By Jennifer Tormo
New York and California come to mind when picturing where the richest ideas and inventions are dreamt up. But there’s another region that is diving into the national scene, and it might be closer to home than you think.
Over the last decade, Northern Palm Beach County has become home for several national high-end brands. Some of the most talented , creative people live right here. A photographer who has shot more than 4,000 breathtaking photos for brands like Smirnoff, Nikon and Coca-Cola. A holistic beauty expert whose products and services are revered by celebrities like Alicia Silverstone and Melania Trump. A business executive who has created exquisite beauty in his houseware products.
You don’t always have to dial 212 to find the makers of quality goods – there are three right here in the 561 area code.
The word madeira has three definitions: 1) a translation to the word “wood” in Portuguese, 2) a cluster of islands off of Portugal known for their colorful flowers and red wine, and 3) a new high-end housewares company based in Jupiter.
Jason Norcross, Vice President of Sales and Marketing for Madeira, LLC, comes from a family of self-starters. His father invented the Thermo Fork, a meat thermometer for grilling, in 1998. The Norcrosses continued to blaze a trail of success across the country, starting in 2003 what would become the largest bamboo houseware company in the U.S. With more than seven years of experience in the wood and kitchen industry, the younger Norcross set out to start his own endeavor, Madeira, earlier this year.
“My dad brought me up in an environment where anything is possible,” Norcross, 31, says. “I thought, he could do it, why can’t i?”
The idea behind Madeira was to product beautiful, durable cutting boards made out of sustainable woods like eucalyptus, butternut, beetroot and plantation teak. Teak is commonly found in outdoor furniture and spa equipment because of its weather-resistant qualities and can be left outside in the rain without rotting, splitting or cracking. Teak and eucalyptus (a wood known for its disinfecting and healing properties) are farmed using responsible forestry practices, and the teak, butternut and beetroot wood products themselves are crafted using leftover scraps – which would normally be thrown away – from larger furniture items.
The cutting board and houseware items are designed in Jupiter, produced in Brazil (where the wood originates), and then distributed across the counter from Jupiter. The line, which was first conceptualized back in April, is already being sold by Bed Bath & Beyond and HomeGoods stores this month. Crate and Barrel is expected to receive them in the spring of 2011. In the meantime, Norcross spends his days spreading the word about Madeira, planning for trade shows, coordinating laser engravings on products for customers and running reports. He brings home samples of his kitchen products to test before deciding if the model is perfect and ready to be sold.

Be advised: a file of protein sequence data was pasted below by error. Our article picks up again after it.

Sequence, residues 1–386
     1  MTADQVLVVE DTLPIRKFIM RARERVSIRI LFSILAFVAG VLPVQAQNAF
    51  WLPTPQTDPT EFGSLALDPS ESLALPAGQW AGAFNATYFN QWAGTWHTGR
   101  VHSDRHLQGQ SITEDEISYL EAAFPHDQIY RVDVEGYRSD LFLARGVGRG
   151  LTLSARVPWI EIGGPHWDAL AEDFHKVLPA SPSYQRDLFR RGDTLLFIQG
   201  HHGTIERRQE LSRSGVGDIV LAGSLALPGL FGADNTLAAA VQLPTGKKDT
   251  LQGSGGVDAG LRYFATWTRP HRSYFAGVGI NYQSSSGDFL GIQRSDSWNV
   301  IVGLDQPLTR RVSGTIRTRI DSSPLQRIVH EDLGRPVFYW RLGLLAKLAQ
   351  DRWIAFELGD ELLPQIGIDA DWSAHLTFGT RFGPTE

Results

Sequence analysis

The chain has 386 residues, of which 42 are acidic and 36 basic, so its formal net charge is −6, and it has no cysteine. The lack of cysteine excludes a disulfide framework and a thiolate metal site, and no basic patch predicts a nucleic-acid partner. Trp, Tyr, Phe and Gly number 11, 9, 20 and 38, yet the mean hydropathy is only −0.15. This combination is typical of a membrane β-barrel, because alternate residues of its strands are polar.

Madeira is owned by Norcross and two friends he met in high school, Mike Rendina and Joe Sayegh. There are only two employees working on the operation full time, and Norcross is one of them. That will change as the company grows, and Norcross’ confidence leaves no doubt – it will grow.
Norcross didn’t always expect to spend much time thinking about kitchens. His original plan was to be the next Dan Marino. The West Palm Beach native dreamt of being a professional football player, but instead found his dream during the best summer of his life in the Bahamas. A 21-year-old thrill-seeker, he told his father he didn’t want any money to bring on the boat that would be his home for the summer of 2000. He and his boat-roommate, Brad Thornbrough, were determined to find their own means of survival. In between fishing, cliff-diving and surfing, they started their own website, HogfishWorld.com. It was originally intended to be a social network, an outlet for “bragging to [their] friends” about the island adventures in a time before Facebook.
To promote their page, the developed stickers with a graphic of a hogfish, a large, brightly colored fish popular with spearfishers. When they headed back to school at the University of Florida with their hogfish bumper stickers on their cars, the small town’s college students went wild. “Everyone was like, where’d you get that sticker? People would honk at us in our car and ask,” Norcross recalls. The boys headed to the Palm Beach International Boat Show, towing 350 hogfish T-shirts. The show started on a Thursday, and by Saturday, they were out of everything. “We were on cloud nine,” he gushes. “We were 21, 22 years old, and we had $10,000 in our hands. We were like, we’re rich!”
That was when Norcross first experience the thrill of watching people walk away with something that he had made in their hands. “It’s just cool when you can go in someone’s home and can say, Hey, I made that! And physically touch it. That’s my cutting board or my bowls,” he says.
It’s usually a struggle to come up with a great name for a company, he say, but Madeira was a cinch. He has a friend who catches fish off of Madeira archipelago in Portugal, a place Norcross hopes to someday travel to. And when he found out that Madeira means “wood” in Portuguese, he was set.
“I was like, ‘Done!’ It literally took me three minutes to figure out the name of the company,” he says. That’s about the same length of time it takes to figure out that Norcross is full of good ideas.